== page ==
Students camp at SOAS. Students camp at SOAS. Source: Counterfire

Lucy Nichols and Shabbir Lakha report from the encampment in support of Palestine at London’s SOAS University and its part in the growing student movement

On a wet Monday afternoon, students from SOAS University in London joined the rapidly growing global student movement for Palestine. The students gathered together with students from other London universities and supporters and marched down to the green on campus where they rallied while some of the students quickly set up their tents.

Hundreds came to join the loud and energetic rally, completely catching campus security off-guard, who scrambled to lock the main doors of the buildings in case the students were planning on occupying them (which they weren’t).

Parents for Palestine brought a lively bloc of parents and young children with a playground set up in the middle of the encampment for the children to play, while supporters made a ring around the encampment in case security were thinking of trying anything.

Parents, childern and students provided a lively gathering at SOAS protest site.
Parents, childern and students provided a lively gathering at SOAS protest site. Source: Counterfire

Loud chants of ‘1: we are the students, 2: we won’t be silenced, 3: stop the bombing now now now’, ‘SOAS SOAS shame shame, all the crimes in your name’ and ‘free Palestine’ rang out and echoed in the square. Speeches from students and supporters set out the demands of the encampment – primarily ending SOAS’s complicity in Israel’s genocide in Gaza and ending the culture of fear it has generated by clamping down on student protests.

Counterfire members were among the many supporters who came armed with donations of food, blankets, power banks, books and essentials, and joined the ring protecting the encampment in a beautiful display of practical solidarity.

The SOAS encampment was the second London encampment to spring up, following the UCL one a few days earlier, and following several encampments that have rapidly spread across the country, starting at Warwick. To date, there are now encampments at Warwick, Newcastle, Leeds, Bristol, Manchester, Sheffield, Swansea, Edinburgh, Liverpool, Leicester, Oxford, Cambridge, Birmingham, Durham, UCL and SOAS, with more popping up each day.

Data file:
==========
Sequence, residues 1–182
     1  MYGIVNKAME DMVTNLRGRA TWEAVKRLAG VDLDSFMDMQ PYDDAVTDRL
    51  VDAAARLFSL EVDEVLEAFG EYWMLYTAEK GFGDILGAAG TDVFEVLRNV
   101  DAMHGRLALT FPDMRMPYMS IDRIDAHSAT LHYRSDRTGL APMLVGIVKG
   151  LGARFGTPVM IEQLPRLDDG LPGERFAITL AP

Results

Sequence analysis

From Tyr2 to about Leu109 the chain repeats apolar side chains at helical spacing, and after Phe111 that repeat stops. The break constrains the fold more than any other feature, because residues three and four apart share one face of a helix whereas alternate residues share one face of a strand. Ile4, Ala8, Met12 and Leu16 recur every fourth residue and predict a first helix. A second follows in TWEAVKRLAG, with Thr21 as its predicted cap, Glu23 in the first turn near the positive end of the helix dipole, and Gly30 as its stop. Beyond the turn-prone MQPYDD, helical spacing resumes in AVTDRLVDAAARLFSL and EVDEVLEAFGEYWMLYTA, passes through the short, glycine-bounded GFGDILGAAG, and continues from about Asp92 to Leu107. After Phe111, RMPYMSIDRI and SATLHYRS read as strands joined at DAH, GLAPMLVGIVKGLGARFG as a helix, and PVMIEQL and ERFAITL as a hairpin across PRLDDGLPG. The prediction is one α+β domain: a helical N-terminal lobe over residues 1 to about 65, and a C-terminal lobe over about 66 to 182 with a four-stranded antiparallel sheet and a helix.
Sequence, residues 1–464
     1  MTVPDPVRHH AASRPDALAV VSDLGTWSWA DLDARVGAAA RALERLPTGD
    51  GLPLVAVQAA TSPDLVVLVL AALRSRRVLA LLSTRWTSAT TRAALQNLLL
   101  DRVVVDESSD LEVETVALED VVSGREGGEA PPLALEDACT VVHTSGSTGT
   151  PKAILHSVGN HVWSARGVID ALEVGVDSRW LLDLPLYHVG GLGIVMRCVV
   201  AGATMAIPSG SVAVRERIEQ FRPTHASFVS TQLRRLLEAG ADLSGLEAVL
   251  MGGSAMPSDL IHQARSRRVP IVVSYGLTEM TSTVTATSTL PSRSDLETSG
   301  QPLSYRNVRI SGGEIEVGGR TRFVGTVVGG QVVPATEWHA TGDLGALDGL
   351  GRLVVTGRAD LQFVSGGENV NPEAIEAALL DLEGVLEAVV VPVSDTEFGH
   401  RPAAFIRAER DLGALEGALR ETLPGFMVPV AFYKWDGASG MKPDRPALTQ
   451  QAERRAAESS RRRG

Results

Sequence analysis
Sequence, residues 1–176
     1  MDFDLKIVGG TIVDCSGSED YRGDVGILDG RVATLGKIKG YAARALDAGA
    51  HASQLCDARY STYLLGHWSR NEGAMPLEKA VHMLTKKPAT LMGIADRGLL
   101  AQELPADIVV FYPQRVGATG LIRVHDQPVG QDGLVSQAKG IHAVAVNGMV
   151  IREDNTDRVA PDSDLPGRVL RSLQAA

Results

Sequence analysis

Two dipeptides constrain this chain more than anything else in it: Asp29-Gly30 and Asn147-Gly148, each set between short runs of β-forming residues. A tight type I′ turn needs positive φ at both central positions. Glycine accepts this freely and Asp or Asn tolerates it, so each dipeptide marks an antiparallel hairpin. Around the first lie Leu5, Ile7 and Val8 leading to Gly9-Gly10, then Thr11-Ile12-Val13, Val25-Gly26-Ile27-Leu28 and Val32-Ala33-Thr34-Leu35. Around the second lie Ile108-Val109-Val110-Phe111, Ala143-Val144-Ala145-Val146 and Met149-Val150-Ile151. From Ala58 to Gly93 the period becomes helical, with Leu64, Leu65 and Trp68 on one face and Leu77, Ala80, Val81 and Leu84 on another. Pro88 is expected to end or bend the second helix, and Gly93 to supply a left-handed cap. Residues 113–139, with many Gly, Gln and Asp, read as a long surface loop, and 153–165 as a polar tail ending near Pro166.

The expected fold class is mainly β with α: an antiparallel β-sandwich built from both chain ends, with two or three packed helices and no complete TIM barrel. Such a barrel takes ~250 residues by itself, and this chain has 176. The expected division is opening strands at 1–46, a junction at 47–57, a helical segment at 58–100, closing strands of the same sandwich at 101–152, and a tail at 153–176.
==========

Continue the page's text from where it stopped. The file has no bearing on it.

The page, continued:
The encampments as a tactic have been inspired by the brave stand students took at Columbia University in the US which was dealt with brutality by the university and state forces and which sparked a national student revolt resulting in over 100 encampments across the US. As well as the US and UK, student encampments for Gaza have also emerged in universities across Europe, and even local groups like in Hackney have begun an encampment outside the Town Hall.

Protest gaining strength as the day progressed.

These encampments have become an alternative to the marketized, neoliberal laboratories that universities have become with students organising their own teach-outs and workshops and building solidarity and practical organisation. The encampments have also become a rallying point for the wider movement in a number of places. In London, following the emergency protest outside Downing Street on Tuesday, hundreds gathered at SOAS for an angry and energetic rally.

In a number of places, including Goldsmiths University in London, California State University in the US and elsewhere, action has ended after the students have won all their demands from their universities.

These gains, after years of universities clamping down on Palestine solidarity on campuses and student rights in general, are a testament to the power of collective action. As Israel begins its operations in Rafah in what will be the deadliest phase of its genocide if it goes ahead, it is imperative that the global movement escalates. And the students are leading the way. Everyone should get down to their nearest encampment, help the students with resources they need and build the numbers for rallies.

The US is clearly terrified of the scale of the student revolt and is relying on state forces and legislation to try and stop them. Here, Sunak met with university Vice Chancellors asking them to clamp down on the protests. The whole movement must be ready to defend the students, but to also keep up the level of mass mobilisations that the student encampments are a part of and which raise the pressure on Westminster.

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